As the saying goes, there is no better motivation than a deadline. My modelling work sometimes feels as embodiment of this rule. Usually throughout the year I work on number of projects, but as the time of a model show approaches I always try to get some of them finished and present them.
Recent HeritageCon was not an exception and one of the pieces I had on display was this Panzer IV. The story of this model started quite a few years ago and model was sitting on my shelf since mostly because I was not happy with some aspects of its weathering. There were some areas, where the weathering is as good as I can get these days (namely the lower chassis), but the upper hull had few places, where my experimentation with the hairspray chipping has not yielded desired results. As you can see from the previous blog posts, there were few large misplaced chips at places, where I would have hard time explaining their origin… Otherwise the dark yellow paint job had great depth and tonal variation. There was my conundrum.
The motivation to finish this piece came from a friend of mine, fellow modeller Dave Price (btw that great looking M13/40 you can see in my photo report from HeritageCon here, is his work), who mentioned on one occasion that he really liked this piece and would want to see it finished.
So, feeling that this battle might not be lost yet, I brought out the model and took the last few steps that were needed to get it done. First I had to paint all the tools and details on the fenders. This is usually tedious work as far as I can say, but I got it done without any problems. Then came the damage control. I have airbrushed lower edges of the add-on armour on the right side of the turret with AK earth wash to mask the weird looking chips. This has hidden them, but created quite a dark area along the lower edge of the plate, which was bit too excessive in contrast to the rest of the paint job around and this contrast was not reduced even with few layers of oils wash using Burnt Umber paint. So at the end I decided to go back to the base coat and gently covered the area with mix of Tamiya’s Desert Yellow and White acrylics that was as close to the original paint work as I could guess.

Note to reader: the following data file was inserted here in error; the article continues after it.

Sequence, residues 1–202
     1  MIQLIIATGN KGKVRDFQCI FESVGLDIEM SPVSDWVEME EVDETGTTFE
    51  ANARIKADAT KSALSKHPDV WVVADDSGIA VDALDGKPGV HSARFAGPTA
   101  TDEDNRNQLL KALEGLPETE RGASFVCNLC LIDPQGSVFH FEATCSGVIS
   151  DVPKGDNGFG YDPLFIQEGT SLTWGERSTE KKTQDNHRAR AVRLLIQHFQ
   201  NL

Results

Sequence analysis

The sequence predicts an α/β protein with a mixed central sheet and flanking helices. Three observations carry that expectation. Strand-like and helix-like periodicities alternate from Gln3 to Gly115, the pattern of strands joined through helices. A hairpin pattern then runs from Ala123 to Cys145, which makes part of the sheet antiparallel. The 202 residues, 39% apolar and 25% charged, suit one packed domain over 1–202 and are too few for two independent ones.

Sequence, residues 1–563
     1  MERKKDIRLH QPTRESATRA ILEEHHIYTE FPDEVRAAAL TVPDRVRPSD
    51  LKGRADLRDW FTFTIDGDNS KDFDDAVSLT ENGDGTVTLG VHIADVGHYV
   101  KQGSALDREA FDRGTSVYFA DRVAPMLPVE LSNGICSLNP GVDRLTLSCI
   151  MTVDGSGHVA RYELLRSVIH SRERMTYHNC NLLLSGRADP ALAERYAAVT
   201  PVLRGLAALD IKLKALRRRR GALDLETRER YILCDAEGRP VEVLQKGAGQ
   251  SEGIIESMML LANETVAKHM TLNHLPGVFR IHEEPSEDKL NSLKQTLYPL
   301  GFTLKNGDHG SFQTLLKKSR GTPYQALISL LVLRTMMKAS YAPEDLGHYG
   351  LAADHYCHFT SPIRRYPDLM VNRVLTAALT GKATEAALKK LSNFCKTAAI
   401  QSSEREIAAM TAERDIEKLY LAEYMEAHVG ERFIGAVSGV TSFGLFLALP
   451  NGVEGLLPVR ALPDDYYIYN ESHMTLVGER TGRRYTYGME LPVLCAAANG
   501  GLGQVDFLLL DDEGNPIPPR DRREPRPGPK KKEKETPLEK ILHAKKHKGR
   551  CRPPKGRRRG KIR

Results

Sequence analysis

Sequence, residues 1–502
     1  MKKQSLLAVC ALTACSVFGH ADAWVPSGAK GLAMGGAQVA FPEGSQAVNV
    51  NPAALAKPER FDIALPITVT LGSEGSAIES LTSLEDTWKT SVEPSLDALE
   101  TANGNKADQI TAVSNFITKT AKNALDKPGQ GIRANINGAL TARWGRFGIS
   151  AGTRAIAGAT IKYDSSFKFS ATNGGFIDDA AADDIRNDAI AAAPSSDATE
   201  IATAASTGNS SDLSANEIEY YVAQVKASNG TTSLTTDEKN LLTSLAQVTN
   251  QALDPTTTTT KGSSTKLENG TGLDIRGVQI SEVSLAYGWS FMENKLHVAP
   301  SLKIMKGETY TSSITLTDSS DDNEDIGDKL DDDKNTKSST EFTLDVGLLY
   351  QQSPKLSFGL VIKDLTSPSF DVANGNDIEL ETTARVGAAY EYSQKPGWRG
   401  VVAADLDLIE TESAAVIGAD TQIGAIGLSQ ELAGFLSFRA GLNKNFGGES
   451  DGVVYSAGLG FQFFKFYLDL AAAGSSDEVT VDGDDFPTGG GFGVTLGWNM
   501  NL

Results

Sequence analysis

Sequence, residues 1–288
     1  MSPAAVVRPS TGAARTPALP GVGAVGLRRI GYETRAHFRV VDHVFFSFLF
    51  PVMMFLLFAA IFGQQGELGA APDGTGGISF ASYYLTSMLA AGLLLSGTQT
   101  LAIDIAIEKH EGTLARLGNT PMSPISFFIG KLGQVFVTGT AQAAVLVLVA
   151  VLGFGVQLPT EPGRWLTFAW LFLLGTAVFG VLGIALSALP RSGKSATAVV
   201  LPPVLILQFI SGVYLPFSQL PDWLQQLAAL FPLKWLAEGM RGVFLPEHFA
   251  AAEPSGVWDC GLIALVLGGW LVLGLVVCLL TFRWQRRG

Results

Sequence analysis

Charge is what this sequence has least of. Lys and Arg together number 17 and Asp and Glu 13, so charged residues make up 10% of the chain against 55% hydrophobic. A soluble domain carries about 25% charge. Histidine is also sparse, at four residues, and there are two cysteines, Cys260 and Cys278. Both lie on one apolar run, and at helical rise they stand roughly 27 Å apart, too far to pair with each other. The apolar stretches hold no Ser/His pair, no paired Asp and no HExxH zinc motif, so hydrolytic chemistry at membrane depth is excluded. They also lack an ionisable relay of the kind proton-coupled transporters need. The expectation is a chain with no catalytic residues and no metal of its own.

This worked quite well, though I had to be careful not to overspray the German kreuz marking, which I mostly avoided and whatever there is can be attributed to dust…
The last step was adding few touches with pigments, mostly in the corners on the top of the hull where the dust and dirt would get trapped.
At the end I must say the model came out quite nice, given I had almost given hope on it. Surprisingly to me this piece took first place in the WWII Axis armour category at the HeritageCon. For all of you who also like this piece, make sure to check my build log here.
My thanks goes to Dave Price for not letting this project die…
Categories: My models